Speaking of change, both Grace and Sarah have changed groups. Sarah moved into what was once called “Grace’s group”. We now call it by its rightful name NDG’s. Grace made the decision to move into the National Training Group. This was not an easy decision for her, she has been debating where she wanted to swim (group, location and club) since September. I was prepared for her to ask to move and was somewhat surprised when she didn’t.

She had the option to “time share”. In other words, she didn’t have to jump into the new group with both feet, she could opt to practice with both groups. Grace had been with her coaches for three years and has developed a strong bond with both of them. I thought for certain that if she moved to the NTG’s she would also continue to practice with her former group.

I was wrong about that as well.

It isn’t easy for her to get to practice. It’s a high school group and she is in middle school. I pick her up from school and she heads straight to practice. She eats in the car and changes at the pool. She is accustomed to a few hours of down time between school and practice. She now has none.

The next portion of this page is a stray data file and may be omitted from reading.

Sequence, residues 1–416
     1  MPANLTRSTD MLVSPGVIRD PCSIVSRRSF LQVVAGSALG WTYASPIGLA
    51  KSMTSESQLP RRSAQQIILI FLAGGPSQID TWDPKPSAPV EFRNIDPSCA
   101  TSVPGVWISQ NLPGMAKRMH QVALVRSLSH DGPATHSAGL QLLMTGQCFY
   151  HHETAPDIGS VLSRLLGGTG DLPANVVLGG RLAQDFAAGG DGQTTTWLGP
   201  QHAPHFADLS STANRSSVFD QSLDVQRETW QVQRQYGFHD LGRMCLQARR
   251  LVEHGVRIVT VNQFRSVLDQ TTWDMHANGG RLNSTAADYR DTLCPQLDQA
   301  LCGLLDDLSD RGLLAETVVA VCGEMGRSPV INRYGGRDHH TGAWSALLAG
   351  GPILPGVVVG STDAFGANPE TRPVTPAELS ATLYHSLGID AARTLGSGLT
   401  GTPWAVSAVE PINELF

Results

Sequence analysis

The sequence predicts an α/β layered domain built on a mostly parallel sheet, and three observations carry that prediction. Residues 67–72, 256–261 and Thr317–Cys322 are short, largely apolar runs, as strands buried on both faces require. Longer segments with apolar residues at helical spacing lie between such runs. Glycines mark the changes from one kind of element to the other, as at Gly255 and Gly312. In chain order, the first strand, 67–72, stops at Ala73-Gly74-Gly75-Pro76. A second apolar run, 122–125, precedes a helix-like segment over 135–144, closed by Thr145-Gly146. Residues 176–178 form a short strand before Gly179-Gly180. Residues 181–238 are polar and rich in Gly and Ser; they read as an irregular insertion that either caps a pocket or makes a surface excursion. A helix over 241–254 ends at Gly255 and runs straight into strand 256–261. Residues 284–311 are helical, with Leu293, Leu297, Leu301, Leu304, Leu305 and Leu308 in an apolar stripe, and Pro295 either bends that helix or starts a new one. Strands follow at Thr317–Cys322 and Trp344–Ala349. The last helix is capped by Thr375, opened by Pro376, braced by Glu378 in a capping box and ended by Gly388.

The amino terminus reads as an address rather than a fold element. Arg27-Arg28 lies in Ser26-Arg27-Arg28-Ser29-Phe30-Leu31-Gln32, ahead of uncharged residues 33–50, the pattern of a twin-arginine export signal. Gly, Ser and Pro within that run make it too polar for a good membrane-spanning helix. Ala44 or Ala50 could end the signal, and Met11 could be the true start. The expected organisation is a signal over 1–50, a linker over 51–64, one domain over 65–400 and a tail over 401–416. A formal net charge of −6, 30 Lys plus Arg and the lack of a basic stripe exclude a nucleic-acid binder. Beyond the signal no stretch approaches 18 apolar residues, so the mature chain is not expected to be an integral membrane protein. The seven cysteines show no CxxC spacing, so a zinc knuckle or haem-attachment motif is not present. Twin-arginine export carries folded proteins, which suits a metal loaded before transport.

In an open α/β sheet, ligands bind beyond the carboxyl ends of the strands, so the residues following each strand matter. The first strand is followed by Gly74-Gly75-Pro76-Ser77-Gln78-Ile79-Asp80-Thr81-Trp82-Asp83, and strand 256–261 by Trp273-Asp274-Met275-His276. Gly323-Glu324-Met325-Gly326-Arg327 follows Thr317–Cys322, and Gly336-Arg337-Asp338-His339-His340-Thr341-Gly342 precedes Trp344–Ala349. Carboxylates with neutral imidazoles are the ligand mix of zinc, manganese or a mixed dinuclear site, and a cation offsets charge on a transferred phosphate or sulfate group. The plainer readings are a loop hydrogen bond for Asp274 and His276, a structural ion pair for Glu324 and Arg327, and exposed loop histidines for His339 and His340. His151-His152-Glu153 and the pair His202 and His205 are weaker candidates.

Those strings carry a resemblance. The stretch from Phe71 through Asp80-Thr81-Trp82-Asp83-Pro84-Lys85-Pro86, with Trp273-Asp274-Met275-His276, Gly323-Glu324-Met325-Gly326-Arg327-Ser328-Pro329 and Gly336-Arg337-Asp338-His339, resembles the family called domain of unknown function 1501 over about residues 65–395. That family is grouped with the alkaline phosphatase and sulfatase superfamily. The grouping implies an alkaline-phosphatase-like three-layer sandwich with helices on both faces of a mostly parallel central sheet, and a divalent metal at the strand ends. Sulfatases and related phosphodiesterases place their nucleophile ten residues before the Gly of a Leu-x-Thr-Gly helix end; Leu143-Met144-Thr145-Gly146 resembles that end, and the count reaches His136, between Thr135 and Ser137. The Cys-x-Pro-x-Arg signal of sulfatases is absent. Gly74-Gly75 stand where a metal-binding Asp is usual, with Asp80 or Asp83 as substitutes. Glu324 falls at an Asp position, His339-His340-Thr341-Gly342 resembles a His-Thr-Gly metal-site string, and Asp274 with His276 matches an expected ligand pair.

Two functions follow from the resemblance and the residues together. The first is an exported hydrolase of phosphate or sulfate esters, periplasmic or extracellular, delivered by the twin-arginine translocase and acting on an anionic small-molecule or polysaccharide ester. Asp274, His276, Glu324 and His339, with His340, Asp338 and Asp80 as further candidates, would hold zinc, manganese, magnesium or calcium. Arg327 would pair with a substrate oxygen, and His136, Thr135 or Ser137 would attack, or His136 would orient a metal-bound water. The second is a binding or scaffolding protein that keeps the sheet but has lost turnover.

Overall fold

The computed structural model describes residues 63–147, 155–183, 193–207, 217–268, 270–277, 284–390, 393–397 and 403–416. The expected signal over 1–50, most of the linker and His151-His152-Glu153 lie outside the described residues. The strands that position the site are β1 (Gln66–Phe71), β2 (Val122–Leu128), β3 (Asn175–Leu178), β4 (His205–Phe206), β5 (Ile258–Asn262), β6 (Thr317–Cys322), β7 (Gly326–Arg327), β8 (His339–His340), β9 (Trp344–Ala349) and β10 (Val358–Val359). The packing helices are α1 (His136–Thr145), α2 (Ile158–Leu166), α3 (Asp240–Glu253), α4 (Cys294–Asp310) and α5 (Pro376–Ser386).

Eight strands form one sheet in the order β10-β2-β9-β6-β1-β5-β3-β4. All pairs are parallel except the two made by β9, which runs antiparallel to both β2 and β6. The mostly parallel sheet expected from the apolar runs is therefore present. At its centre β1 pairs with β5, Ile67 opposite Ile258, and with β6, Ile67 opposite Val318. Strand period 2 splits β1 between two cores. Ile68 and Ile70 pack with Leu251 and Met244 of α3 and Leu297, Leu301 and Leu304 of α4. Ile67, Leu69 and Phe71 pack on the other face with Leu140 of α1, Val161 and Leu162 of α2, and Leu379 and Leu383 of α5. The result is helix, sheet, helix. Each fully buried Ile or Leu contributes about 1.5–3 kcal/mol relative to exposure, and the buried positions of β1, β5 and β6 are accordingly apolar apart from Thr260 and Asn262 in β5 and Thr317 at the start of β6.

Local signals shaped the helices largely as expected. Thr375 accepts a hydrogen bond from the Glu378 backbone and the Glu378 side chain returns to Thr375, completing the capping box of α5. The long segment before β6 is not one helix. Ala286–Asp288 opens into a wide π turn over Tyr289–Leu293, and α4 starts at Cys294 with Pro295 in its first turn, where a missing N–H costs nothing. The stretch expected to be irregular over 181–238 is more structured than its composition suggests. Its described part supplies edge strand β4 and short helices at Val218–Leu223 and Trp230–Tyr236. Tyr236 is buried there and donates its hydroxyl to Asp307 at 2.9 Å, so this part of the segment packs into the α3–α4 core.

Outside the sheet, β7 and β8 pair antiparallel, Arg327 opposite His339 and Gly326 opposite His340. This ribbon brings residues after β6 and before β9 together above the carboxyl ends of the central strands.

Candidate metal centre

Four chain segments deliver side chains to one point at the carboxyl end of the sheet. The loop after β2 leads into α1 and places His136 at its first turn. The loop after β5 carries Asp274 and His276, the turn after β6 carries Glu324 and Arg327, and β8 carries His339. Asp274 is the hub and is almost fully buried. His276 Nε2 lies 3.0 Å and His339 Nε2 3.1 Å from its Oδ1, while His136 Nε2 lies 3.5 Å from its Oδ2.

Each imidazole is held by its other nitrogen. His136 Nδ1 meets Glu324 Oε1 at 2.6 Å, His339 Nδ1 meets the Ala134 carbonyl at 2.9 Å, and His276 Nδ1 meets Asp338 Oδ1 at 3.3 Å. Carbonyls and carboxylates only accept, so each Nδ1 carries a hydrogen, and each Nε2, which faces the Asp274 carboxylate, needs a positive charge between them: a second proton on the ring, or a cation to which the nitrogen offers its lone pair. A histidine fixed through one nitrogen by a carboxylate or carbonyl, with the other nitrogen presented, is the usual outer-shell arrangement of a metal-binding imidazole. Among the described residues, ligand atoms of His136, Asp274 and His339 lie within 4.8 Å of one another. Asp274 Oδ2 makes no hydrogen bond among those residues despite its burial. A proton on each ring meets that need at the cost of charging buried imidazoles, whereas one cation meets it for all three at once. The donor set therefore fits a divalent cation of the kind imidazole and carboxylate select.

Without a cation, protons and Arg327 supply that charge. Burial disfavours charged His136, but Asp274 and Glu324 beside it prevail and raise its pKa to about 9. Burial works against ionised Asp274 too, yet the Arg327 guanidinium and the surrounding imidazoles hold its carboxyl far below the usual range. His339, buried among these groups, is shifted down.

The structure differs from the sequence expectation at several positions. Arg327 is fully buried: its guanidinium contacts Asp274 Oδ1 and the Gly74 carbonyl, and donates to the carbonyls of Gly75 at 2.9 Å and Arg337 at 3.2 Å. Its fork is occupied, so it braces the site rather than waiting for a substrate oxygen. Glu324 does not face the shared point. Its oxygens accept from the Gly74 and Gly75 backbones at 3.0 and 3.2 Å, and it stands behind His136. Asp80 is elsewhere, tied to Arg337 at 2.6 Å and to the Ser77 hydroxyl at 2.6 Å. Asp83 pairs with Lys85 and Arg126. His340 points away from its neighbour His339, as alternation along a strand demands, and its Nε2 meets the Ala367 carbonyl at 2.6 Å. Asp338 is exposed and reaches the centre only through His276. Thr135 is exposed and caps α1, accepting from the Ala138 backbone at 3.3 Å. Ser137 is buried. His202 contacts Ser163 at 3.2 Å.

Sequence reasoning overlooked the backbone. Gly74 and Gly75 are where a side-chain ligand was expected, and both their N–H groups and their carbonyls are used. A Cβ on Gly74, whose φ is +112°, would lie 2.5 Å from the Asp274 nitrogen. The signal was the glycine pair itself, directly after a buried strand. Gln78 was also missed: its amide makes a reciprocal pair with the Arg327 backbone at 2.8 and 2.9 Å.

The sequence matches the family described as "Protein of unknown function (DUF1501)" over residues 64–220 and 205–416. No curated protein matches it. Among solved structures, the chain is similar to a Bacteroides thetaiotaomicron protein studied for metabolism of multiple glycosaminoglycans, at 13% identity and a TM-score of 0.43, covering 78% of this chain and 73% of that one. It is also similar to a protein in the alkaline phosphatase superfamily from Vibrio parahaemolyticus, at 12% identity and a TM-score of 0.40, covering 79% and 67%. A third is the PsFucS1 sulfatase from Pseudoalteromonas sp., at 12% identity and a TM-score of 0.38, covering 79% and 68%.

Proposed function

She also jumped from 5 to 7 practices, all of which are more challenging. She has handled the transition with Grace and appears to be doing well. She is still unsure of the coach, he is very different from what she is used to – not necessarily a bad thing, change is good.  He may be exactly what Grace needs.

Sarah is struggling in her new group. The practices are also more challenging for her. She went from top dog to low man. Thanks to Grace though we have a great relationship with the coaches. They have both done a wonderful job keeping her motivated and encouraged. Her times at meets are amongst some of the fastest in the groups. The coaches are convinced that once she improves her conditioning she will really be amazing. It’s nice to see them believe in her.

Sophie is just thrilled to have her group all to herself! She has great friends and feels very comfortable in the group.

While it is a lot of work (driving) having the kids in three separate groups, it also is what makes the most sense. I have spent most of this year questioning if they are in the place they need to be. I’m finally confident that they are. I’m looking forward to what lies ahead.